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Take This Test . . .

A growing number of parents and educators are rejecting federally mandated exams

by Molly Eadie on April 24, 2013 · 2 comments

Taking a stand: Voorheesville Superintendent Thayer Snyder. Photo by Erin Pihlaja.

Roger Green’s third-grade daughter has had a rough week. Usually when she comes home from Albany’s Pine Hills Elementary school, Green works with her on some math, science and reading homework, which he says gives her a sense of balance and discipline. But this week she didn’t have any homework, and says she was bored in class. The reason? Her school was taking the newly state-administered standardized ELA tests.

“They just want her to be prepared for this test—it’s all about the test—instead of the week-by-week homework,” says Green. “Only the test is important.”

The new set of tests is part of the Obama administration’s Common Core State Standards, which focus on English Language Arts (ELA) and math. Forty-five states have adopted the exams, which are based on the Common Core Standards curriculum, which was introduced to New York state school districts this year.

“I think our school and many of the schools are feeling real anxiety about this. Not just pressure, but anxiety,” Green says. “And it’s OK for them to feel stressed; I just don’t want my kid to feel stressed. She’s a good kid, she wants to please people and wants to do well, she wants to be cooperative, but you don’t need to make her not be able to sleep at night because she’s concerned about this test.”

Jenn D’Arcy’s 8-year-old took the ELA exam at Glendaal Elementary School in the Scotia-Glenville Central School District, but he won’t be taking the math test. “I feel like they’re in a rush to introduce the Core Curriculum,” says D’Arcy. “It is not in line with what my child has previously learned, so the test is asking him things that typically he wouldn’t have learned until fourth or fifth grade.”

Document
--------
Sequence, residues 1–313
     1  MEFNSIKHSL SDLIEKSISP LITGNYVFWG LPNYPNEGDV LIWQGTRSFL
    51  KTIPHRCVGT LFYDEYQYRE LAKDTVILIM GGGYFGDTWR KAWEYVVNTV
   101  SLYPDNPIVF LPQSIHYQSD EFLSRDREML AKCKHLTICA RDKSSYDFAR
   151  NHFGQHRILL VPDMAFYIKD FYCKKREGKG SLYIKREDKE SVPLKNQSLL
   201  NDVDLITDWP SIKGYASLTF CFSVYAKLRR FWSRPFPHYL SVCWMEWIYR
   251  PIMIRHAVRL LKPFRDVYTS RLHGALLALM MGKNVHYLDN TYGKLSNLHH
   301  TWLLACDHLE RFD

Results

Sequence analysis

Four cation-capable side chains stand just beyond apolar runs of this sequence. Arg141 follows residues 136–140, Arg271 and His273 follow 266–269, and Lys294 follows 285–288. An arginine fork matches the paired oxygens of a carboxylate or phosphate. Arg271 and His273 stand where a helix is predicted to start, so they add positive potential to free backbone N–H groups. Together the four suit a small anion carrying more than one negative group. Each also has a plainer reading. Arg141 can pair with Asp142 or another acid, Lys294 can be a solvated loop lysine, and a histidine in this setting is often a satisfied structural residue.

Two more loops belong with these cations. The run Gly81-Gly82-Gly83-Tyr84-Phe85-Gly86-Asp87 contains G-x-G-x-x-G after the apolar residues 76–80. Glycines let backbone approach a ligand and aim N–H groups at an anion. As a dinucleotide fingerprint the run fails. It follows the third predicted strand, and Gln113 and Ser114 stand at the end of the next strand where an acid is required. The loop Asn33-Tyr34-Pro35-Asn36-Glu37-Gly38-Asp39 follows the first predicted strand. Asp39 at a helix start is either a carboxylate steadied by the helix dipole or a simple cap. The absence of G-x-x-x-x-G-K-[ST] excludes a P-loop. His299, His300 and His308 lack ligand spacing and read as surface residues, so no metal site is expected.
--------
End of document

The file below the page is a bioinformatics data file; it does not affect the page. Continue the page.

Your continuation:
The state doesn’t recognize “opting out” as an option for parents or students. Students may “refuse” the test themselves, but will then be labeled “untested.” Different schools have various policies about opting out. Some will accept a letter from parents, some dictate that the letter must contain certain words or phrases. In other schools, letters for opting out are not accepted. Instead, the students must mark on the exam that they “refuse.” In the Ichabod Crane Central School District (which serves northen Columbia and southern Rensselaer counties), students can be excused by bringing in a letter with specific wording from their parents. About 135 students, or around 17 percent of students in grades three through eight, opted out of the ELA portion of the test last week.

Superintendent George Zini says the Ichabod Crane district sees the state tests as an important assessment tool and encourages parents to have their children go through with the testing. Still, the school has been accommodating parents’ wishes if they send in a letter stating their child will not participate in the exams.

Nonparticipation in testing could result in a loss of funding for school districts. Through Obama’s Race to the Top initiative, states applied for grants from a fund of $4 billion, and New York was awarded $700 million. Districts with a less-than-95-percent participation rate in the tests, however, could be ineligible for that funding; though the federal government granted New York (and a other states) a three-year waiver on this provision.